THE Poyntons Building, home of the Department of Correctional Services in the Pretoria CBD, was shut down by Executive Mayor Solly Msimanga on Wednesday. Oupa Mokoena/African News Agency (ANA)
NO OFFICIAL complaint had been lodged with the Department of Labour regarding the state of Poyntons building in the Pretoria CBD, the home of the Department of Correctional Services.

The building was shut down by Executive Mayor Solly Msimanga on Wednesday, who said it was a “death trap”.

The Department of Labour said that had a complaint been received, it would have sent its own people to assess the state of the building and made an informed decision.

Director-General Thobile Lamati said: “Without taking sides, Msimanga’s administration has the power to shut buildings down.”

He said municipalities, just like the Department of Labour, could shut down buildings based on by-laws and health and safety standards.

However, he said, employers or departments had the right to legally challenge evacuations.

Lamati said his department had closed down some of its offices in Joburg and Durban where the health and safety of staff were found to be have been compromised.

In fact, on Tuesday, the department started inspecting the controversial Department of Health headquarters, Civitas, in the CBD.

Following the evacuation of staff and shut down of Poyntons by Msimanga, spokesperson for the Correctional Services Ministry Mukoni Ratshitanga said the department was considering legal action against the City administration, Emergency Services and Msimanga.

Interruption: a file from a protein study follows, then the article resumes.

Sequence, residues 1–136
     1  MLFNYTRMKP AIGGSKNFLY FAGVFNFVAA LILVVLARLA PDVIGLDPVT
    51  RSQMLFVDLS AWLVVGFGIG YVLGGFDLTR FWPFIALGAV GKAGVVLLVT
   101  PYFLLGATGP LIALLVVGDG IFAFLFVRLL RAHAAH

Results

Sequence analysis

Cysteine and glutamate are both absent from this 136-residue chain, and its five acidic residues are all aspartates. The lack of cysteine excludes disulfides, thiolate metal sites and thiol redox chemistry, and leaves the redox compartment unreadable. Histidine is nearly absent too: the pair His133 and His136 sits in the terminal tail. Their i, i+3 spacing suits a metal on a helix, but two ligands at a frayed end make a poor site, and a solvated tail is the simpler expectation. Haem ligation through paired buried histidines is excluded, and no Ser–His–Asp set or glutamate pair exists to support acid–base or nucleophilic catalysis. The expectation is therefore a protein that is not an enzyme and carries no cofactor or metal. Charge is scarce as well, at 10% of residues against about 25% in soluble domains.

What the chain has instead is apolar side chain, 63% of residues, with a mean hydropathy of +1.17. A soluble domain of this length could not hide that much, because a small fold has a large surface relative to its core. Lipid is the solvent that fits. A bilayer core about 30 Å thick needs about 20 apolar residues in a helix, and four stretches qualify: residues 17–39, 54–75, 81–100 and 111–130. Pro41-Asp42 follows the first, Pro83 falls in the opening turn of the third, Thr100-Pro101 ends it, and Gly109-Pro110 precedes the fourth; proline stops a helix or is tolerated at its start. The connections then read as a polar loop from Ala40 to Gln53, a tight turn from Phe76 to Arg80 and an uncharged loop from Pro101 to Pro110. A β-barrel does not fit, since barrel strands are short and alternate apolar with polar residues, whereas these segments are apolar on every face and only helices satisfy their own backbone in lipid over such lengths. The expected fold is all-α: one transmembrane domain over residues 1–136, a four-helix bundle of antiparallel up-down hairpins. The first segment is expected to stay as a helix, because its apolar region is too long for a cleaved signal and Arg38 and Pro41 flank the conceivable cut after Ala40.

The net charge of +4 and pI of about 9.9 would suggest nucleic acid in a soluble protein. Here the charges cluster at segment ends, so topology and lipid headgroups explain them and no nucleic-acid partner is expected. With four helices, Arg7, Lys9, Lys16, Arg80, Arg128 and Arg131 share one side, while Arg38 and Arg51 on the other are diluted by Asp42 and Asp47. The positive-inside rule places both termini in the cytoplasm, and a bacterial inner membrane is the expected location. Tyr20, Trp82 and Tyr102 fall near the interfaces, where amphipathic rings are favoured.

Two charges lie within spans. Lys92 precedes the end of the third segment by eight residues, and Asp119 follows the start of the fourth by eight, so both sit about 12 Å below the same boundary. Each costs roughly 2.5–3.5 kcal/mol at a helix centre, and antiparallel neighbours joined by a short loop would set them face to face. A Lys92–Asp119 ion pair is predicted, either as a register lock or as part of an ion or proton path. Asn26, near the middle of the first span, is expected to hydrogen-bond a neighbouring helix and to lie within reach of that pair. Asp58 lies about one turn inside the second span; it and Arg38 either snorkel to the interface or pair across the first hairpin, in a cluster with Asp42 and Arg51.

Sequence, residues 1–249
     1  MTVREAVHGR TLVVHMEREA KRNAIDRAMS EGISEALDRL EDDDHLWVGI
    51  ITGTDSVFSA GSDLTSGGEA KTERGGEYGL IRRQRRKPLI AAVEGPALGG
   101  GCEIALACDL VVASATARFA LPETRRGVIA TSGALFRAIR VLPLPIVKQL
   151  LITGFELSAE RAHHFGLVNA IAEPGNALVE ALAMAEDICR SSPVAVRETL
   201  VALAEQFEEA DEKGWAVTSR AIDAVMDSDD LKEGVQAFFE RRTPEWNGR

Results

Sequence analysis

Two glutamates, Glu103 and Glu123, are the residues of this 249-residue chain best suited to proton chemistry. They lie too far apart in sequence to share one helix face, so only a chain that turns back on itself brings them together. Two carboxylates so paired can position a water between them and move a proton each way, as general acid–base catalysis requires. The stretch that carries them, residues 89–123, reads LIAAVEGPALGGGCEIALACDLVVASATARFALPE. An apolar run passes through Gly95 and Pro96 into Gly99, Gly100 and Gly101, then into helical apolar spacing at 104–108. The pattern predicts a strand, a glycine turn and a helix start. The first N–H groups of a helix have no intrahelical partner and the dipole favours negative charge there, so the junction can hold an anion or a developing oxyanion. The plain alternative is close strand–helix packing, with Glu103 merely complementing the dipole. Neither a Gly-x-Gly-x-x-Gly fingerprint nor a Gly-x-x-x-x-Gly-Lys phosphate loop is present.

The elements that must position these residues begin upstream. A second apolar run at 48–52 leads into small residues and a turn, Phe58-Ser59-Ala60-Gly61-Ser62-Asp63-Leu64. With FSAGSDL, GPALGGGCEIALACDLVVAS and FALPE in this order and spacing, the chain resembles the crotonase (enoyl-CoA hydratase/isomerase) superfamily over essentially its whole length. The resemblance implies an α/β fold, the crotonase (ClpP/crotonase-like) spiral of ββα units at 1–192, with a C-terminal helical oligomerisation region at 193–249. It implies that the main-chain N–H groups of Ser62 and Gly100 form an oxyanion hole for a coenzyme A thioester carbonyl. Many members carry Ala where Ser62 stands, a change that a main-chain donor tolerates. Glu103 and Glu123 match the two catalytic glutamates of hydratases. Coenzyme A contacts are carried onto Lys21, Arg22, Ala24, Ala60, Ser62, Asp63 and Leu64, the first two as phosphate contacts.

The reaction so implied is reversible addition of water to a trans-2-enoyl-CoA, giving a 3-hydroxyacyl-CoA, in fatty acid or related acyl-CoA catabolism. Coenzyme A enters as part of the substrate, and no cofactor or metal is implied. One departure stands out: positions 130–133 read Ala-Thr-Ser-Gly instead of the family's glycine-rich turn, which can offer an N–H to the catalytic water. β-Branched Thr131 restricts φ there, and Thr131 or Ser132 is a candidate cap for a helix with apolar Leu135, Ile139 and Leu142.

He said staff were not working, and that threatened the security of the country and City because some of the instructions to the department’s 243 prisons were given from Poyntons.

“The claim by Msimanga’s office that it gave the minister (advocate Michael Masutha) prior warning about the shutdown is false and they know it.

“Msimanga only called Masutha after the closure and by that time he had posted on Facebook what he had just done.

“We believe this closure has nothing to do with health and safety. Correctional Services accepted that the building was not in a desirable state of safety standards.

“We were addressing all the elements pointed out by the City and providing progress reports. We were shocked by the shutdown because on September 7, we sent a progress report and the City expressly said it appreciated it.”

However, Msimanga’s spokesperson Samkelo Mgobozi said the City stood by its decision. He said the claim that the department was not given prior warning about the shutdown was simply not true. “This is not the first time the City has engaged with the Ministry to correct all defects in the building. The department had two years to ensure that the building was compliant, but failed to do that.

“What is of great concern here is not necessarily the closure of the building, but the fact that the ministry and the management continued to put people’s lives in danger by expecting employees to continue to work in a building that is partially compliant by the minister’s own admission.”

Mgobozi said the City certainly had other health and safety high-risk buildings that were acknowledged by the mayor.

Lamati said his department had long taken a decision that it would not expose corporate or government employees to bad working conditions, and it was sending its officials to inspect businesses and departments objectively.

He said that thus far a contravention notice was issued to a police station in Kwa-Thema and prohibition notices to a branch of the SA Post Office and Tshwane University of Technology.